California Italian Studies (CIS) is now accepting submissions for Volume 6 (2015). Submissions may be for either the thematic or the open-theme parts of the volume, in either English or Italian. Please direct inquires to volume editors Jack Greenstein or William TronzoDeadline for submission is April 15, 2015.

Part I. Scholarly essays, articles, interviews, and translations which address some aspect of the following special topic: Fixity and Flexibility: Italy and the Power of Images over Time
It has become commonplace to speak of images as having power and agency. This issue of CIS interrogates these notions by investigating how images have mediated Italian identities across the grand arc of history from late Antiquity to the present. We seek in particular studies of images associated with religious and secular groups, including families, organizations, institutions, orders, cities, and social classes, or images that have functioned in discourse, debate, polemic, and propaganda about such entities or about Italian art, culture, or identity in whole or in part. Among the questions to be addressed are how images and works of art have come to be associated with particular groups, ideologies and critical positions; what role, if any, they have had in creating, defining, or shaping the groups and ideas with which they were connected; how they have provided a fixed focus or catalyst for corporate behavior, values and pride, or for the critical positions about Italian art and culture that they were cited to support; how their significance and use and sometimes even the images and works themselves have changed over time, and how these changes have been connected with (or disconnected from) the groups and ideas that they have symbolized; how their display and circulation, both in the ‘original’ and in copies, reproductions, and variants have been connected with, or independent from, their symbolic associations; and how they have affected the social spaces and cultural vehicles where they have been exhibited, displayed or reproduced and seen. What can we say, if anything, about the power or agency of these images in mediating identities? Or are their functions and force the results of the imposition of symbolic values by those who have used them for their own purposes? We invite submissions that explore the multiple facets of art, images and symbols in Italian culture from any period and from all the various fields that approach the question, including but not limited to art history and visual studies, media studies, music, anthropology and sociology, history and political science, philosophy, religious studies, and gender and sexuality studies.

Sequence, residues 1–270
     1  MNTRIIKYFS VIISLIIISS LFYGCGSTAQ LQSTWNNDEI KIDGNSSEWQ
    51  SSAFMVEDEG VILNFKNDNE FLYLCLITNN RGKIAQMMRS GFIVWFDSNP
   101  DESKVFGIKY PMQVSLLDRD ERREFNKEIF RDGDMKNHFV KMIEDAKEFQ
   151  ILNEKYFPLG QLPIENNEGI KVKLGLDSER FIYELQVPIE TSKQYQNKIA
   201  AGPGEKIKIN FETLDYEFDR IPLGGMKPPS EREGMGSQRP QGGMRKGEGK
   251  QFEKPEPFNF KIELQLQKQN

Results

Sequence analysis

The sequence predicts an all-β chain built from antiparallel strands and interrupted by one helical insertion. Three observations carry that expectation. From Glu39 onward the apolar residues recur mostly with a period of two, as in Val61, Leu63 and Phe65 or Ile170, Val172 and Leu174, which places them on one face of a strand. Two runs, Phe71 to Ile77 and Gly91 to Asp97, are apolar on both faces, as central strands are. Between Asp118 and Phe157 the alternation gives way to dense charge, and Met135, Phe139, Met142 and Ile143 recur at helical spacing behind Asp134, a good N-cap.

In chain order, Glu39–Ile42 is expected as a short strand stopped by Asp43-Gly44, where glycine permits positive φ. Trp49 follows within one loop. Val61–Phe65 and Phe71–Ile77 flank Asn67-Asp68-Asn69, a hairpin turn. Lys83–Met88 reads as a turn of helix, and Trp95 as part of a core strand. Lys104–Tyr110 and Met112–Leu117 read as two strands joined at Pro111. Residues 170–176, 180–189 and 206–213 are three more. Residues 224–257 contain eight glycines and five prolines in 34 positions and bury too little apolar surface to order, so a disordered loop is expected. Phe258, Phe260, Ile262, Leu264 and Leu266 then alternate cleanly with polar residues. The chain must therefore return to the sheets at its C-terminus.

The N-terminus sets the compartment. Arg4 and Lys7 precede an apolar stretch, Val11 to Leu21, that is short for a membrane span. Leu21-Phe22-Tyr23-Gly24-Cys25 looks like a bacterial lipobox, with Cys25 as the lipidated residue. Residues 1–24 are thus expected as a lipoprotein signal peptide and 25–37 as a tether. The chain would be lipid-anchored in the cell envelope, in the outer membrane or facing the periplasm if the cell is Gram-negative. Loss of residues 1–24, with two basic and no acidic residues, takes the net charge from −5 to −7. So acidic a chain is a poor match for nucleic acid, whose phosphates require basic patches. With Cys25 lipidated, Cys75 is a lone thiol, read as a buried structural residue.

Part II. Scholarly essays, articles, interviews, and translations with a significant Italian component on any topic that meets one or more of the following basic criteria:

a) interdisciplinary work that combines within itself the practices of multiple disciplines, makes significant use of the tools of one discipline in the service of another, or relates to a cluster of other scholarly works, representing the approaches of multiple disciplines to a single topic;

b) comparative work placing the study of the history, culture, society, artistic products, and languages of the Italian peninsula and islands, and of Italian diasporas, in relation to other geographical, cultural, and linguistic formations;

c) critically reflexive work that not only studies a given object but also engages in theoretical and/or methodological reflection on its own approach and on its implications within larger disciplinary and interdisciplinary contexts.

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